I am very interested in the current "macro content dietary wars" going on. Unfortunately, most of the low carb supports are more religous zealouts than objective evaluators.

Currenlty I have some concerns about the metabolic and hormonal effects of low carb, high protein diets.

Could you please comment on this study on pub med.

Department of Nutrition, Arizona State University, Mesa, AZ 85212,
USA. carol.johnston@...

BACKGROUND: Low-carbohydrate diets may promote greater weight loss
than does the conventional low-fat, high-carbohydrate diet.
OBJECTIVE: We compared weight loss and biomarker change in adults
adhering to a ketogenic low-carbohydrate (KLC) diet or a nonketogenic
low-carbohydrate (NLC) diet. DESIGN: Twenty adults [body mass index
(in kg/m(2)): 34.4 +/- 1.0] were randomly assigned to the KLC (60% of
energy as fat, beginning with approximately 5% of energy as
carbohydrate) or NLC (30% of energy as fat; approximately 40% of
energy as carbohydrate) diet. During the 6-wk trial, participants
were sedentary, and 24-h intakes were strictly controlled. RESULTS:
Mean (+/-SE) weight losses (6.3 +/- 0.6 and 7.2 +/- 0.8 kg in KLC and
NLC dieters, respectively; P = 0.324) and fat losses (3.4 and 5.5 kg
in KLC and NLC dieters, respectively; P = 0.111) did not differ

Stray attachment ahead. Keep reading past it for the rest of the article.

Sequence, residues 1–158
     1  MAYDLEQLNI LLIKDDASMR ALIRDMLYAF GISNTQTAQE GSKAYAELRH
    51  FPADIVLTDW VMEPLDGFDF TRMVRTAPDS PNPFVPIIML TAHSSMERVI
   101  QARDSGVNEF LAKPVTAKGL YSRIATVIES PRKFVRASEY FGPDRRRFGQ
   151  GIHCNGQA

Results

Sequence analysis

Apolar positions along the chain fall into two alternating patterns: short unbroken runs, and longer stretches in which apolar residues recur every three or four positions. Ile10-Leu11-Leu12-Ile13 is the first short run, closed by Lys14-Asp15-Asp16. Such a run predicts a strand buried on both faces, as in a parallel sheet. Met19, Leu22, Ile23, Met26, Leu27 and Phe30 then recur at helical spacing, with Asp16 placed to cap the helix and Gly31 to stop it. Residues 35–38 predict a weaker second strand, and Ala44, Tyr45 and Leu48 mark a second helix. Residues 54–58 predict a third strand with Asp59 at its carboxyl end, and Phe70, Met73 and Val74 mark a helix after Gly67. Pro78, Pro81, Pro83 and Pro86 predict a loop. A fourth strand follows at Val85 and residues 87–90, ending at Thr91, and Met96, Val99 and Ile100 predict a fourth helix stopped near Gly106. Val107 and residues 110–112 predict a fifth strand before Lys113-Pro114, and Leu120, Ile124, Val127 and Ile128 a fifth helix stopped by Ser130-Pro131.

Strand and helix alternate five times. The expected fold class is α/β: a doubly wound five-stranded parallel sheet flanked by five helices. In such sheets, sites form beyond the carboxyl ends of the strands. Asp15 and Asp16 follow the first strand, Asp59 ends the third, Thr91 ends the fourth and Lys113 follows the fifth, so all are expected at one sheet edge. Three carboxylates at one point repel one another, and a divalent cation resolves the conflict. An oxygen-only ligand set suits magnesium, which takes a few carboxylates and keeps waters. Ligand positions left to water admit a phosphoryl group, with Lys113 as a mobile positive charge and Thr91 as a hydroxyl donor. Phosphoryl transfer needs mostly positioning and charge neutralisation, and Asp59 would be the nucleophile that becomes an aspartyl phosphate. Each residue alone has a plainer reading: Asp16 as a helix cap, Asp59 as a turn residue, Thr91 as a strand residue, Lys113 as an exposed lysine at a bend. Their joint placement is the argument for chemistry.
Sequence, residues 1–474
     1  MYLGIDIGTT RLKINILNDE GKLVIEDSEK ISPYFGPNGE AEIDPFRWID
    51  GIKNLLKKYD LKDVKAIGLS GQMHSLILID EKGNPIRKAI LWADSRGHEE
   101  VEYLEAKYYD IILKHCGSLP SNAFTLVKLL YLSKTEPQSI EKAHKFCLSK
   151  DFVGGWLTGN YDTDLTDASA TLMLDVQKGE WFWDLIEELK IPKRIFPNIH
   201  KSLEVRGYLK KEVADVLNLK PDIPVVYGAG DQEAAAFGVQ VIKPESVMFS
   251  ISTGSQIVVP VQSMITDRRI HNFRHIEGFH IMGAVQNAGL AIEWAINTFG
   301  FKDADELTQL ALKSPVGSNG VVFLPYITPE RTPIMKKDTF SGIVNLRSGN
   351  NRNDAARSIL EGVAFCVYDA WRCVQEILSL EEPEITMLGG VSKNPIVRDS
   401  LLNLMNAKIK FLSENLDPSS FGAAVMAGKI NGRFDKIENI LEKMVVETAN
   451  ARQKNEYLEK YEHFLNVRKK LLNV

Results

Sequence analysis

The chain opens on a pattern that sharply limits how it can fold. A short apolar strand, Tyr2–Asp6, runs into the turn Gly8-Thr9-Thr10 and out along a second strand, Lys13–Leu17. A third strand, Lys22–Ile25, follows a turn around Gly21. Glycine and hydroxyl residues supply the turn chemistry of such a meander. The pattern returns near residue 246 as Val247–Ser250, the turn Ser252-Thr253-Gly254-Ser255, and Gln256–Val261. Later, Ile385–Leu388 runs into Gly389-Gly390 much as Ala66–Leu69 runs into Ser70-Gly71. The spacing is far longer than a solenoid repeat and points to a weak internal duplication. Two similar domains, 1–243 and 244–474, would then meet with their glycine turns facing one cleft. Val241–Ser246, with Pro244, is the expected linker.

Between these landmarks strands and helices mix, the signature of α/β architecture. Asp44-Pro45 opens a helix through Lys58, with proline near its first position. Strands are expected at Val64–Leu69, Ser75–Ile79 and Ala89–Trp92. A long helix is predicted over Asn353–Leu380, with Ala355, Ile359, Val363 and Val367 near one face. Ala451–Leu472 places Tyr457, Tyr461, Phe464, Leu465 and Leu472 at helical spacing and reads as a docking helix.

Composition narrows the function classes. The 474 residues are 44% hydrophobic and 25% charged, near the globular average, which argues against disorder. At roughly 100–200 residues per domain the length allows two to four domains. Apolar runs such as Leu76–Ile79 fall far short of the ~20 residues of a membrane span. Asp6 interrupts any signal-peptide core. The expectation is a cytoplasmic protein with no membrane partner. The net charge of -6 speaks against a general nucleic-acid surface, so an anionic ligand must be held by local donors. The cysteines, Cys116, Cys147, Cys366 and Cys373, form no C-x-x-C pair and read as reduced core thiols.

significantly by group after 6 wk. Blood beta-hydroxybutyrate in the
KLC dieters was 3.6 times that in the NLC dieters at week 2 (P =
0.018), and LDL cholesterol was directly correlated with blood beta-
hydroxybutyrate (r = 0.297, P = 0.025). Overall, insulin sensitivity
and resting energy expenditure increased and serum gamma-
glutamyltransferase concentrations decreased in both diet groups
during the 6-wk trial (P < 0.05). However, inflammatory risk
(arachidonic acid:eicosapentaenoic acid ratios in plasma
phospholipids) and perceptions of vigor were more adversely affected
by the KLC than by the NLC diet. CONCLUSIONS: KLC and NLC diets were
equally effective in reducing body weight and insulin resistance, but
the KLC diet was associated with several adverse metabolic and
emotional effects. The use of ketogenic diets for weight loss is not
warranted.

PMID: 16685046 [PubMed - indexed for MEDLINE]
----------------------------------

Please note how increased inflammatory markers were defined:

arachidonic acid:eicosapentaenoic acid ratios in plasma
phospholipids

Secondly low carb high protein diets have been shown to increase
IGF. Do you see a danger in this.
All strategies to increase life span REDUCE IGF. This is worrisome to me.

In any case thanks for making yourself available and I envy your the excitement of your current scientific endevours.

Best Regards
Randy